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Interns, you need to step your game up!

Over here at Uniqa Raiffeisen Software Service we are organising an internship program for this summer and because this year the interns will be working on the project I work on and I am going to be one of the 2 or 3 mentors, I had the opportunity to actively participate in the interviewing process and the selection of the candidates.

Uniqa Raiffeisen Software Service

First of all, it is true that all beginnings are terribly hard, especially if you are in the first years of university and have no actual work experience. You might have done the mandatory exercises and projects and you’ve probably passed your exams with flying colours, but as far as I am concerned, this is just not enough. Especially if you have finished a specialisation other than Computer Science.

We were looking for 4-5 talented interns who have some basic knowledge in frontend development, meaning that they have had projects with HTML5, CSS3 and JavaScript, preferably used some libraries and frameworks as well. Instead we had a bunch of candidates who never used HTML and were confusing JavaScript with Java. Or even worse, they have graduated at a completely different specialisation and started programming at home by following some tutorials on the Internet. On the other hand, I was expecting talented people who are passionate about software development, just as we were during the time at the university. After the first year we already knew some PHP, HTML, JavaScript and CSS even if those were not taught yet. Some of us were already accepting freelance projects and had a few websites.

As I said before, it is not easy to start your career when you have no work experience yet, just an empty CV, but if you are passionate about development, you will do some things automatically that will give you a head start. For instance, you may buy a domain name and set up a custom e-mail address instead of giving us a gmail or yahoo address. This not only looks better in your CV, but also tells the interviewer that you have some knowledge in the field of domains and at least you know something about configuring DNS and DNS records. I know (from experience) that students never have enough money for beer and stuff, but a domain name is around 10 USD per year, not the end of the world.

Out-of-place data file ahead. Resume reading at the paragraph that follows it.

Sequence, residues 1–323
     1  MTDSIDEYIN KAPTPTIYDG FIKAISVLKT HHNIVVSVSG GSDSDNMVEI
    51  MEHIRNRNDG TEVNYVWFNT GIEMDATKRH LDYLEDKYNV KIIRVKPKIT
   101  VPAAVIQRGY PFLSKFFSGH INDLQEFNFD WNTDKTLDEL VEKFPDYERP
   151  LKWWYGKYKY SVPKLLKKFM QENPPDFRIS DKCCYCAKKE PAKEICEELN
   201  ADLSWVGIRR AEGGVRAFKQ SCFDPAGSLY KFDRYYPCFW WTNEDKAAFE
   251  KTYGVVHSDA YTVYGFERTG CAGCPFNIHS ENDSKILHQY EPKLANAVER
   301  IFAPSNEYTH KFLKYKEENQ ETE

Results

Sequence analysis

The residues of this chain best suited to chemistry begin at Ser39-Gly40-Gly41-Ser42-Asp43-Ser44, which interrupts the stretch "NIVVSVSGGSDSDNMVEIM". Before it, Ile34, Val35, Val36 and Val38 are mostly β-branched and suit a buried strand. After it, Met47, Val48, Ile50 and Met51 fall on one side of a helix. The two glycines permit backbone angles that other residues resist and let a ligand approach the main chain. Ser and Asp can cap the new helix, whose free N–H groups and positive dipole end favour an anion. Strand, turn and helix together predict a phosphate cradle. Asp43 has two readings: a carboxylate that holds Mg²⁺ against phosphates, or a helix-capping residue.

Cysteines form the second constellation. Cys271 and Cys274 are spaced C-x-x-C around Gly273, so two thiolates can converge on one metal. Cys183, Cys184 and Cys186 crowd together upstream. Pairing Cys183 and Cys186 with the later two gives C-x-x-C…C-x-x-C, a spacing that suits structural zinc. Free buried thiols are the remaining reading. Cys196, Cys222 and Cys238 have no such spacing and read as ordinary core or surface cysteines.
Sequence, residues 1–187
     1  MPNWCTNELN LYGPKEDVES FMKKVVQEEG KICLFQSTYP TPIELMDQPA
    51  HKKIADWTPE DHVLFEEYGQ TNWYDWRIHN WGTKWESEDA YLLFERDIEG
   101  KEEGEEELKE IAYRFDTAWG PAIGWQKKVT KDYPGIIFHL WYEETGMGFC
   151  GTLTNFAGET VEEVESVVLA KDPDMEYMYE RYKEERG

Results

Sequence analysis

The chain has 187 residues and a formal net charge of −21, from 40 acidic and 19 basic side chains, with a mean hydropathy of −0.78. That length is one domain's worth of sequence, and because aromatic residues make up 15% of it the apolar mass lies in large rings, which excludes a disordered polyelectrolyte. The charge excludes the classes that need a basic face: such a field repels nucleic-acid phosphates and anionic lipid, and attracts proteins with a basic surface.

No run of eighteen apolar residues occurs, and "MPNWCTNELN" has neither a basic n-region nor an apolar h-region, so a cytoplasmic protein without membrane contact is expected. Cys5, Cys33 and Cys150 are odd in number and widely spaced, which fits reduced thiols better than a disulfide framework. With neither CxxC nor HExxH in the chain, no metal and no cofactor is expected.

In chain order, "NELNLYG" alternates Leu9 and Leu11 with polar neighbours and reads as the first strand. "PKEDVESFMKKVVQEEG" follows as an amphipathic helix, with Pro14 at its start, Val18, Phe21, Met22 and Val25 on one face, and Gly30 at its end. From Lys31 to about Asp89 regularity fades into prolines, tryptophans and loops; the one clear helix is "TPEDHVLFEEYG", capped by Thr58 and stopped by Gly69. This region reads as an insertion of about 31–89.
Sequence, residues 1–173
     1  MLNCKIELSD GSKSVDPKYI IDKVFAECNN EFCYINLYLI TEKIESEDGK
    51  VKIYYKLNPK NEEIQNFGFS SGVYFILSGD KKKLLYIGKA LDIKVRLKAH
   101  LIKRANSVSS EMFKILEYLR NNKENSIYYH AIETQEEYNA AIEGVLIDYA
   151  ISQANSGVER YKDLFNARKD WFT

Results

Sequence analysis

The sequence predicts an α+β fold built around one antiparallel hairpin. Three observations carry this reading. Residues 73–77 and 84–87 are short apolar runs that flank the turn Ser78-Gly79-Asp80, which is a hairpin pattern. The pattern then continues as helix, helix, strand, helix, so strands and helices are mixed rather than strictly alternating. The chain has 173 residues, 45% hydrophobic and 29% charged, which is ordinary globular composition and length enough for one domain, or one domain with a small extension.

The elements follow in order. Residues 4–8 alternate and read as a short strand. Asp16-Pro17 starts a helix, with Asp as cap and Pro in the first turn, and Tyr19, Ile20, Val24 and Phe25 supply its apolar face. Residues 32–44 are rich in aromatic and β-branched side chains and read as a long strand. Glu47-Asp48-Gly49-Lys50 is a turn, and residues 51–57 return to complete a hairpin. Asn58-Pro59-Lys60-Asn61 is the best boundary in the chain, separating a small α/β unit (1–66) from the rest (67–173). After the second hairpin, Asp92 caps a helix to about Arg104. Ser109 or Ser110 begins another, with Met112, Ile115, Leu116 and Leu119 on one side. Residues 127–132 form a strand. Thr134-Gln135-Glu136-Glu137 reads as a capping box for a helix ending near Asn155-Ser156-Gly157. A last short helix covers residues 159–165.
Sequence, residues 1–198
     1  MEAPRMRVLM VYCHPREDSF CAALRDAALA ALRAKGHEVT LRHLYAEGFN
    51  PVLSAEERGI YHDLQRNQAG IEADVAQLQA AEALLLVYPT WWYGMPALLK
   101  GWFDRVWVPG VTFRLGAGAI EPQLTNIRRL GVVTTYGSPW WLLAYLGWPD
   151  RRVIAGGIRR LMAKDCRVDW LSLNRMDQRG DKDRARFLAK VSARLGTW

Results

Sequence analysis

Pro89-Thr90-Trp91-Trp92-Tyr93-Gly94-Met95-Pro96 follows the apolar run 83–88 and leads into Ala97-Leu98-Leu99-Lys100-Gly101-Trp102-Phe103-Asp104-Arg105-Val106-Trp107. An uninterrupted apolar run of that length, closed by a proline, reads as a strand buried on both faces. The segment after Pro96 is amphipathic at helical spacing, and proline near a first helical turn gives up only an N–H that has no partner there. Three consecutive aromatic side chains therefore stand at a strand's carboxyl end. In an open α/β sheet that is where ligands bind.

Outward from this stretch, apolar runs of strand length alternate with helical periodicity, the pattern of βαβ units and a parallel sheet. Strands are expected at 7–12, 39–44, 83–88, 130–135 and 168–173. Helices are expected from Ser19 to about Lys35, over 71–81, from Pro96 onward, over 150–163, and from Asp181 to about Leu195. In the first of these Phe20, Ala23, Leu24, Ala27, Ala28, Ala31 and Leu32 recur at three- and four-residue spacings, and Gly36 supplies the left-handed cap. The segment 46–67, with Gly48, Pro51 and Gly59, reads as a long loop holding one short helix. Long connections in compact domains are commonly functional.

Moreover, if you already own a domain name, why not get a super cheap shared host and set up a basic website? At least a vCard with your contact details. In a next step you could turn that into an online portfolio to show off with your awesome side gigs, because if you are passionate about something, I would expect you to do more than the necessary exercises and micro-projects at the university. But even if you don’t, just put the source code of some small and interesting projects to GitHub or BitBucket and link them from your site. That will prove that you know how to use a version control tool and more importantly the technical interviewer can see your coding style.

I’m pretty sure that both sides made mistakes. Our mistake was that we decided the internship to be unpaid and you know… when you pay bananas, expect monkeys. The truth is that the talented candidates that I was expecting already do freelancing or work as junior developers and they do not need to participate in internships. However, our project is super cool and I’m pretty sure it will give a huge boost to the participants’ CV. Furthermore, we will accept only up to 5 interns, which means that we can pay attention to all of them and everybody will gain a lot of knowledge and experience in those two months.

Unfortunately the candidates were mistaken as well, as the majority of them expects from the internship to learn something new from zero that they have never used before, in our case HTML, CSS and JavaScript. But that should not be the scope of any internship. In my opinion an internship should not necessarily be a training, but candidates should come with basic knowledge and put that knowledge into practice by working on a real-world project along with developers with more experience who will give valuable feedback.

To conclude, this interviewing process was quite disappointing for me, I was expecting more… a lot more! However, I’m still optimistic about our internship, as our project is quite exciting and I believe we managed to chose a few inters who will do a great job!

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